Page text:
The first mention I can find of a golf course in Minneapolis — St. Paul already had Town and Country just across the Mississippi River at Lake Street — was in a Minneapolis Tribune article from April 23, 1898, which noted that twenty men who were interested in golf and wanted links closer than Town and Country had met at the West Hotel on Hennepin Avenue for the purpose of forming a Minneapolis golf club. The paper reported, “The grounds proposed are in Bryn Mawr and the high land west, ideal in location and well adapted to links, with sufficient hazards to make the game interesting.” The article also mentioned that the course was advantageously placed near the streetcar line, which ran out Laurel Avenue.

Less than two weeks later, the Tribune reported that the Minneapolis Golf Club had been formally organized, the links were almost ready for play, and a greenskeeper—Scottish, of course—had been hired away from the Chicago Golf Club in Wheaton, Illinois. He called the new course the “best inland links he had seen,” according to a Tribune article a few days later.

Golfing at Bryn Mawr in 1898. (Photo from Visual Resources Database at Minnesota Historical Society, mnhs.org.)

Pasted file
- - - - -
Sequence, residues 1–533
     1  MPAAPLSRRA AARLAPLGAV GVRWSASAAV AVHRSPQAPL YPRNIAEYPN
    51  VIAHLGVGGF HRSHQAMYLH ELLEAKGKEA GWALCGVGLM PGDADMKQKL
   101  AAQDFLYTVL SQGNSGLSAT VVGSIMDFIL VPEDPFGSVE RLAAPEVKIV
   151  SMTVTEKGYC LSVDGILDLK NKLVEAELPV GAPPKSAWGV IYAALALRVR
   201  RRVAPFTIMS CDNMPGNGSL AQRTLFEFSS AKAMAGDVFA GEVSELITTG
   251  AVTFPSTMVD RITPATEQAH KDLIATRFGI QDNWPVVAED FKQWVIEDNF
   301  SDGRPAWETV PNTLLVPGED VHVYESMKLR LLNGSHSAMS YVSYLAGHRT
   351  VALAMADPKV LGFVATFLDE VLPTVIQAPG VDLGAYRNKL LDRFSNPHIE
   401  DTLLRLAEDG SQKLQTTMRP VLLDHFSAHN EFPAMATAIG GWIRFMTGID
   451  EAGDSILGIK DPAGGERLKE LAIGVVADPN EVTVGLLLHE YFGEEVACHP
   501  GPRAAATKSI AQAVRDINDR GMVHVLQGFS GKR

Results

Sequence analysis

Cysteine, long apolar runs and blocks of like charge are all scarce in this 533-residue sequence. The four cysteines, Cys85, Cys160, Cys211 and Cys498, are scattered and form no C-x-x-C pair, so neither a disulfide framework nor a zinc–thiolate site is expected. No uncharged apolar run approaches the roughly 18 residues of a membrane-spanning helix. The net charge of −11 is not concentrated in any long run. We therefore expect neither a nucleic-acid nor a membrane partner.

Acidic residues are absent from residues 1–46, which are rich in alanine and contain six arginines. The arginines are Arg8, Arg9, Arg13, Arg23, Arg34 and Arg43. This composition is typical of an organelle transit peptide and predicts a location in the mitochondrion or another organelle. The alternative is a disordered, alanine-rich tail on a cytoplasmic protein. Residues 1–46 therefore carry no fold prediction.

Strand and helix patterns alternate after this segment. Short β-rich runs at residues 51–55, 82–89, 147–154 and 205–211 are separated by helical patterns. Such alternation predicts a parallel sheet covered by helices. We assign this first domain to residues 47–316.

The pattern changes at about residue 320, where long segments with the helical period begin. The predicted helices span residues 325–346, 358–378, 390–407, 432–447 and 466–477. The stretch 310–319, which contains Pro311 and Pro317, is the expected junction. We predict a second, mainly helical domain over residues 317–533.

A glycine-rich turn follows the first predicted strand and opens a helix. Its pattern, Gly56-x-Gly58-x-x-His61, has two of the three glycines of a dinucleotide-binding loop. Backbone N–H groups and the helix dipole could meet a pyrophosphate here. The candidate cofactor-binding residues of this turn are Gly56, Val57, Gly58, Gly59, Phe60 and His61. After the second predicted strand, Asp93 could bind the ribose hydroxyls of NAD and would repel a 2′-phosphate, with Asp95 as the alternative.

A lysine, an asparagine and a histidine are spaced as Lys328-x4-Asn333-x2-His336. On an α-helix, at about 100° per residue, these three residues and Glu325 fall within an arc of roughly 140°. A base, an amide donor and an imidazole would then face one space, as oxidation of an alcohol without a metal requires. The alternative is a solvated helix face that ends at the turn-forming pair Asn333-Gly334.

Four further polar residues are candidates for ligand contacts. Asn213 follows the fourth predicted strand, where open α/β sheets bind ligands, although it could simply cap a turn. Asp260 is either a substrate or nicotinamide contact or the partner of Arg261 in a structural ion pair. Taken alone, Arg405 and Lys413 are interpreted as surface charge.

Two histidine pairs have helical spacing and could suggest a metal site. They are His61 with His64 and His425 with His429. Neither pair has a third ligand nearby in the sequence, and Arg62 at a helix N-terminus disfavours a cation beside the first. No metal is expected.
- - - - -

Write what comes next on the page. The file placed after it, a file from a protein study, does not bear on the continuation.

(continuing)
Golf duds at the turn of the century.

The Bryn Mawr clubhouse was formally opened on June 18. The Tribune reported the next day that several hundred people attended. “An orchestra greeted the visitors with music,” wrote the Tribune, “and there was a stream of handsome turnouts over the Laurel avenue bridge, bringing the women in their lovely summer frocks to smile on the men in their gay golfing suits.”

The nine-hole course measured a bit over 2300 yards with only two holes longer than 300 yards. The first tee was west of the clubhouse and the first green was on the east side of Cedar Lake Road. The second green was across that highway and a small pond.  

Par for the course, at that time referred to as “bogey,” was set at 45 strokes. That must have seemed an impossible achievement for club members, based on early scores. At the first handicap tourney on the day the clubhouse opened, Martin Hanley beat a field of 40 golfers for the prize of a box of gutta percha balls. His net score was 101. Adding his handicap of 30, he had actually played the course in 131 strokes! That’s not three over par, it’s nearly three times par. The game was young. Hanley remained one of the club’s top golfers after the club moved to Minikahda.